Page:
Compare the examples – which one is more appealing? Where would you like to engage as an employee or become a client? The incumbents benefit from their history as people are quite slow in changing their habits. But “time to change” is not the factor we should rely on in this “game” as when change happens it will be instantaneous.

Many incumbents relax on the fact that they are today systemic relevant – but the system could change and the relevance vanish with it. It feels much better to have a clear vision of the future than to rely on the past.

So it’s time for many incumbent organizations in financial services to hit refresh …

 

Simplicity in a complex environment possible?

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In all of our sophistication(s), humans react to the world in simple ways as our ability to cope with its complexity is limited. Do we seek simple solutions that hide or ignore the complexity?

Human senses are constantly producing far more data than their brains can process. Our brains cope with complexity by identifying important features and filtering out unnecessary detail(s). An example such as on seeing that the space you enter has four walls, a floor and a ceiling, you know you have entered a room and usually ignore the details. As individuals we deal with complexity by removing or hiding it. Our mental schemes are one way of doing that. Habits are another.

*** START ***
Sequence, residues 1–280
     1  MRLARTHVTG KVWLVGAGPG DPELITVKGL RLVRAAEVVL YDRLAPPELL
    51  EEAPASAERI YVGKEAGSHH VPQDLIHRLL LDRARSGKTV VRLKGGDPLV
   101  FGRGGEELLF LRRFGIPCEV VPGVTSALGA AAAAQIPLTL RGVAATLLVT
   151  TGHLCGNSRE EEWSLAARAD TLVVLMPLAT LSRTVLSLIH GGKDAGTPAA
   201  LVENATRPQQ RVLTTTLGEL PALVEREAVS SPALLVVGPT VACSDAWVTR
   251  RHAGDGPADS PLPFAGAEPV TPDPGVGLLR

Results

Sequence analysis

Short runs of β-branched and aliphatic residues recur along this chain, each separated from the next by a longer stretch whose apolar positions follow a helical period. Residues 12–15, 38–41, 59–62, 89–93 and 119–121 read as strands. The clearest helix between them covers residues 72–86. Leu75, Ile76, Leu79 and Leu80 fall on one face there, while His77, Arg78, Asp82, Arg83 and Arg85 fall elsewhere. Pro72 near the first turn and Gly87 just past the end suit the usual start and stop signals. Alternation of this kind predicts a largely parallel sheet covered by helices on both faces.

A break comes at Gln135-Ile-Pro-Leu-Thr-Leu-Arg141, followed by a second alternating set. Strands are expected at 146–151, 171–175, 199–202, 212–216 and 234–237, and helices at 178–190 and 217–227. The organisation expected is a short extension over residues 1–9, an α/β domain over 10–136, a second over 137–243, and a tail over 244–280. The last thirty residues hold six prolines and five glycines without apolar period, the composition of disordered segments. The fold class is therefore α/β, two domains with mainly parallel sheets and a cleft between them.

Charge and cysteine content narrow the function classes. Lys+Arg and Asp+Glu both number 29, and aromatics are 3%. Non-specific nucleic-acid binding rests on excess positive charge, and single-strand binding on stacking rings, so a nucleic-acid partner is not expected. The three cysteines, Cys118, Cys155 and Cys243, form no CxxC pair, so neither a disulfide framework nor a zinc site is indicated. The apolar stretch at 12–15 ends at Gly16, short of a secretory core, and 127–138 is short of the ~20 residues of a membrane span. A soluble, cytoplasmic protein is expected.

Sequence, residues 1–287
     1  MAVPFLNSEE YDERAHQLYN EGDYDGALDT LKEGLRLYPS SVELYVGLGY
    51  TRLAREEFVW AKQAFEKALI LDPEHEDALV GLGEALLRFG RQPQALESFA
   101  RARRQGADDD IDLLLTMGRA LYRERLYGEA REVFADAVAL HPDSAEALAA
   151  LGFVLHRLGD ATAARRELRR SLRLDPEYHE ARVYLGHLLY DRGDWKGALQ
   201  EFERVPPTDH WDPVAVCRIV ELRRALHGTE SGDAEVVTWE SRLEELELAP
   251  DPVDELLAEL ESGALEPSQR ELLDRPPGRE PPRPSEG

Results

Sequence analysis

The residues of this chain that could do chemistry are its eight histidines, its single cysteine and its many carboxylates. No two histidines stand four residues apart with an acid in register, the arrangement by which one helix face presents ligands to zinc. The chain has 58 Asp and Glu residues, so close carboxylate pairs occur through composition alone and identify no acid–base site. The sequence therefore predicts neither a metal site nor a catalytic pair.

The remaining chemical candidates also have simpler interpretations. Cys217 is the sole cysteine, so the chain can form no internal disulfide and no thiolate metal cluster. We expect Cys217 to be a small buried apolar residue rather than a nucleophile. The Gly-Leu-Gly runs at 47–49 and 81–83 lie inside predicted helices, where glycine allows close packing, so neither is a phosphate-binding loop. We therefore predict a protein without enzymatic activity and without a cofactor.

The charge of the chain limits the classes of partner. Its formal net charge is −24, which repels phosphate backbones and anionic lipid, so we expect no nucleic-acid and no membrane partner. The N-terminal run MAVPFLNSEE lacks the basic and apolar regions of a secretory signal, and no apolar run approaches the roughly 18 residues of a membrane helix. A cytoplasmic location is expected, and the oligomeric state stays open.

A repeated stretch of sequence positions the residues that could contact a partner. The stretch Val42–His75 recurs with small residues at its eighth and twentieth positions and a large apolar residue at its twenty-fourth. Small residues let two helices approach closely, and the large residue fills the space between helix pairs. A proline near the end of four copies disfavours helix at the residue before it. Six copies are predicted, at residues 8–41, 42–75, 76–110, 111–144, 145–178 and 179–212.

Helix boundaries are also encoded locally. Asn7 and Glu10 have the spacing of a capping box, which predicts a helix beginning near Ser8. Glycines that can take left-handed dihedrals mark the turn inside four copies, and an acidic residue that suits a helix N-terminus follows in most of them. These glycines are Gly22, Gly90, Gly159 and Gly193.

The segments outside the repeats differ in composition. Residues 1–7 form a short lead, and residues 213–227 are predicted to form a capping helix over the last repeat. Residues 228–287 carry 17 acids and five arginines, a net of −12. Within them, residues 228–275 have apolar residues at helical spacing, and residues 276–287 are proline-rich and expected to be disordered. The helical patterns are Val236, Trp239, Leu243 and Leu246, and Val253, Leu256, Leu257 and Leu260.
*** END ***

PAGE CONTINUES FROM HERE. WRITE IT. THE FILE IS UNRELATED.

We also simplify complex decision-making by using received wisdom (e.g. advice of others, conforming to the beliefs and attitudes of what we may be associated to).

Society has many ways of managing complexity, one common approach is “divide and rule” approach to management which leads to hierarchical division of large organisations. Hierarchical breakdown introduces its own issues as the need to define early what are the decisive factors. Although structural changes can take place but only of rather limited value. Such systems have a tendency to go for the local optimum in each branch (see “The first step is key…”).  Another approach is to define laws, rules, commercial standards which creates limits and restrictions.

New technologies are usually introduced to simplify our lives, but inevitably they have unexpected side effects on society. An example is the introduction of robotics/ labour-saving systems set off cascades of social change, such as the decline of the nuclear family. In addition instead of addressing and replacing the complex systems with more efficient adaptable ones, we add additional layers of complexity by keeping legacy systems and integrating them with the so-called new and simpler ones. On top of that there is a continuous addition of business process which makes consolidation almost impossible. It makes life simpler to rely on others to provide solutions to complex problems.

This inability to fathom complexity leads to a belief that any worthwhile solution to a situation must be simple. Any change introduces complexity into people’s lives. Rather than face issues that are complex, some retreat into denial, preferring to believe in a simpler future in which there is no change and continue with their paradigms.